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Toyota Just Cut its June Global Production Target Yet Again

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Image: Toyota

Toyota will produce 150,000 fewer vehicles globally this coming month than it originally planned, BMW could make its Mexico facility the base of its EV production operations and Sony is finding big business in supplying image sensors for the future of assisted and autonomous driving. All that and more in this Happy Friday edition of The Morning Shift for May 27, 2022.

1st Gear: Toyota Signals Trouble

The gift that keeps on giving — the ongoing global semiconductor shortage — and China’s latest round of COVID-19 lockdowns have snagged Toyota’s production targets for the month of June yet again. Three days after announcing it’d pump out 100,000 fewer cars next month, it returned Friday to say it’s predicting that target to slide by another 50,000. That might affect the company’s full-year production schedule — I don’t see how it wouldn’t, but predicting the future in this climate is a fool’s errand. From Reuters:

Toyota said there was “a possibility” that it could lower its full-year production plan of 9.7 million vehicles.

“It is very difficult to estimate the current supply situation of parts due to the ongoing lockdown in Shanghai,” it said.

That lack of certainty on parts has been a constant refrain for automakers, in both Japan and elsewhere. Given that China is both the world’s largest auto market and a global manufacturing giant, the lockdowns there have implications for both supply and demand, analysts have said.

This month Subaru Corp warned that its U.S. dealers have a record low stockpile of around 5,000 vehicles left, while Honda Motor Corp said it would slash production by 20% at two domestic factories.

Toyota said that its Corolla, RAV4, Prius and 4Runner models would be among those impacted by the production suspension.

This is, of course, all happening at a time when automakers with especially hot products, such as Subaru, are finding their nationwide supply almost tapped. It’s going to be a cruel summer for anyone buying a car, particularly if that car is a Forester or RAV4.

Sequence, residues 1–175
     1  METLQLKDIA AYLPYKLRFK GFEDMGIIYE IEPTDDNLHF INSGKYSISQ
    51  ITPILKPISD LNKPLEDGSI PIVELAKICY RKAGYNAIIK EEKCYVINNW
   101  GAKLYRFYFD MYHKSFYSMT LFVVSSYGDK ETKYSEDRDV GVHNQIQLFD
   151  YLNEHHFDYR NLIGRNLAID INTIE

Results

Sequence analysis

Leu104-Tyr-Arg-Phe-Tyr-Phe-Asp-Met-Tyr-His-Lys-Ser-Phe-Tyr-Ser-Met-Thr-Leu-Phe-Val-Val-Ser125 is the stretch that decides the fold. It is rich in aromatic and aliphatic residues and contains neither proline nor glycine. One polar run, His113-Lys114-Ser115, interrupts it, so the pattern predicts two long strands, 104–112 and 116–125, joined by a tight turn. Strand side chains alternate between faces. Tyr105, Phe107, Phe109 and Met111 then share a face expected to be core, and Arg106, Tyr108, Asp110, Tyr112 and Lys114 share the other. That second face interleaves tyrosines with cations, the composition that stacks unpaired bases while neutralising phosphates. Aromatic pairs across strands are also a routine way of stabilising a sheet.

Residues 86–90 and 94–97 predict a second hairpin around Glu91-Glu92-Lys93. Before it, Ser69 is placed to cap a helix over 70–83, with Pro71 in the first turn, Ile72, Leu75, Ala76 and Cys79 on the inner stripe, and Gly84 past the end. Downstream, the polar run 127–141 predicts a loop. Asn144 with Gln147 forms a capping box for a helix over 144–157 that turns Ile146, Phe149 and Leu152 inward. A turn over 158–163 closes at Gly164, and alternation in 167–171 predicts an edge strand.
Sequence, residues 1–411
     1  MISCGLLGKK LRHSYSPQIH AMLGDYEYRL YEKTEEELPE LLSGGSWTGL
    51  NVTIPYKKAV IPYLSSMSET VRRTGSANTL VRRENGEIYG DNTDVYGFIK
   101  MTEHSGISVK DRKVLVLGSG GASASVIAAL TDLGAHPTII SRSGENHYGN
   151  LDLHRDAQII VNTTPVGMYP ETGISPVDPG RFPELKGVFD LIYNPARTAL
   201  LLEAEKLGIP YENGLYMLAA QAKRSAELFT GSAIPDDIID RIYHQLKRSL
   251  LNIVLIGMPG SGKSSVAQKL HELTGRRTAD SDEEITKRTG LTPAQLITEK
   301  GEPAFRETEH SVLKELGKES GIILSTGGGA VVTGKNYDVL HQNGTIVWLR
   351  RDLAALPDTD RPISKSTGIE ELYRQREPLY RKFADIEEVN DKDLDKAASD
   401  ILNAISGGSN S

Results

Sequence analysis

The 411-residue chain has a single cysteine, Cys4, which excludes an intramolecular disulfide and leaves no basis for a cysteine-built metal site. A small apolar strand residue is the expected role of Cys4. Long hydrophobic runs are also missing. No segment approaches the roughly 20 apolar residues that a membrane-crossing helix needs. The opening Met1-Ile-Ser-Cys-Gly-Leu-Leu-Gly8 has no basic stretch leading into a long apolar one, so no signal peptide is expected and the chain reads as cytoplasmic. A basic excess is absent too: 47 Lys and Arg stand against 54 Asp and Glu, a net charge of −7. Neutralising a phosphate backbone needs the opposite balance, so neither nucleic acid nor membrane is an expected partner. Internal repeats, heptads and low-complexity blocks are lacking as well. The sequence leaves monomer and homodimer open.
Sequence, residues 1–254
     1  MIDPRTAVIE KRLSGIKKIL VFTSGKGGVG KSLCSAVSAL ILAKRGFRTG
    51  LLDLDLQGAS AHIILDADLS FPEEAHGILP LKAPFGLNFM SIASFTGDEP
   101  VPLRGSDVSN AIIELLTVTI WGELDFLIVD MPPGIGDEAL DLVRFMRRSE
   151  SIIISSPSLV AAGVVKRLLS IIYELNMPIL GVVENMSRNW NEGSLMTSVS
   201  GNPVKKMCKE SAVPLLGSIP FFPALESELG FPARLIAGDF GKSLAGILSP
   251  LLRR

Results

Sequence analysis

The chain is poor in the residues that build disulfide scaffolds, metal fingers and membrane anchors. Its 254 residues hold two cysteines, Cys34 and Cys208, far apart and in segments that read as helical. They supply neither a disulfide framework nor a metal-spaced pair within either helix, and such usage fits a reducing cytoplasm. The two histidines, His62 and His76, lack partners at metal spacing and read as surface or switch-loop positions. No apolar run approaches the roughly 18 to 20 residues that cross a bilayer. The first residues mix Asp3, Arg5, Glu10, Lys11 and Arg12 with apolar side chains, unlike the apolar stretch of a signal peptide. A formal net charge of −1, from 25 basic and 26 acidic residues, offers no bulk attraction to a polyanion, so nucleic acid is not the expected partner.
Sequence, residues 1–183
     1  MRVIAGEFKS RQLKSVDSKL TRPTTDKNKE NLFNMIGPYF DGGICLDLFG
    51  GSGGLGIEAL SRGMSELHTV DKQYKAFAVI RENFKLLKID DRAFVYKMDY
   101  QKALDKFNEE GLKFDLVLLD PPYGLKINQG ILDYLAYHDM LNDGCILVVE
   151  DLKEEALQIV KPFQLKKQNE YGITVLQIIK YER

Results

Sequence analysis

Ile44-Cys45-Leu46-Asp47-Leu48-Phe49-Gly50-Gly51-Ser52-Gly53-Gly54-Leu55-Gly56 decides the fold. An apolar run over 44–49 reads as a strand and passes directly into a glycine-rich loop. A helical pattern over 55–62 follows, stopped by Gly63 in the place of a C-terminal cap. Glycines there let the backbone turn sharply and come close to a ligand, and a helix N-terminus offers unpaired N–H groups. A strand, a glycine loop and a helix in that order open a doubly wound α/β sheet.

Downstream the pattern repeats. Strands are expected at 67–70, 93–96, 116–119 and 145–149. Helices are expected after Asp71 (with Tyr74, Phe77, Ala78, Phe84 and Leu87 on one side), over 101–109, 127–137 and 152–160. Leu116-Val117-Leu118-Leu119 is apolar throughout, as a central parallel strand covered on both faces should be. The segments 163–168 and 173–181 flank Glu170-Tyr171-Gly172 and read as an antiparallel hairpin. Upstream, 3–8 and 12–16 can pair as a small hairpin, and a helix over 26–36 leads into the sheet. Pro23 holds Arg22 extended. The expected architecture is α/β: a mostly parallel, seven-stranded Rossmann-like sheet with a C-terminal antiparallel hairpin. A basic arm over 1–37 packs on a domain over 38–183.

2nd Gear: BMW Finds Its EV Home

BMW opened its San Luis Potosí, Mexico plant three years ago, where it makes the 2 and 3 Series. In April, Automotive News reported that the manufacturer was seeking to move some X3 production to the facility, and now rumor has it that Mexico will become the brand’s base for building the upcoming electric 3 series and iX3 in the coming years. From Auto News:

A source familiar with BMW’s product plans said the automaker is set to begin manufacturing the next-generation 3 Series electric sedan and iX3 electric crossover starting in 2027 in San Luis Potosi, Mexico.

The source said that production of the crossover will begin in the first half of 2027, followed by sedan output in the second half of the year.

A BMW spokesman declined
to comment on future production plans.

In April, Automotive News reported on BMW’s plans to move some X3 production to Mexico.

The X3 crossover is BMW’s bestseller in the U.S. The company sold 204,658 X-badged utility vehicles in the U.S. last year, up 55 percent from five years earlier. In comparison, the overall luxury light-truck segment grew about 24 percent during that period, according to the Automotive News Research & Data Center.

BMW Group CEO Oliver Zipse last month said crossover production will come to Mexico, without revealing specific plans.

“Mexico will play an important role in our complete setup,” Zipse told Automotive News. “At some point in time, you will see X models because the market demand is so high. That’s all I can say right now.”

The plant only ran at 39 percent of its 175,000-vehicle capacity in 2021, Auto News adds. There’s certainly room to grow, then, and in time it’s likely more of that space will be taken up with BMW’s “Neue Klasse” EVs.

3rd Gear: Foreign EV Makers Fading in China

An interesting report from Reuters on Friday shed light on the way Chinese EV manufacturers have dominated their domestic market as of late. Foreign makes have historically performed very well in the region — especially in the years before Chinese companies were executing at the level of their international rivals. But those days are long over, as some buyers themselves have indicated. From Reuters:

For Beijing office worker Tianna Cheng, the main dilemma when she was buying a 180,000-yuan ($27,000) Xpeng electric crossover was whether she should go for a BYD car instead, or a Nio; she did not seriously consider overseas marques.

“If I was buying a gasoline car, I may have considered foreign brands,” the 29-year-old said as she drove home from work. “But I wanted an EV, and other than Tesla, I saw few foreign brands applying advanced smart technology properly.”

China’s list of the top 10 best-selling EVs reflects that perception:

There are no foreign brands among the top 10 automakers in the new energy vehicle (NEV) segment this year, with the notable exception of U.S. electric pioneer Tesla in third place, according to China Passenger Car Association data.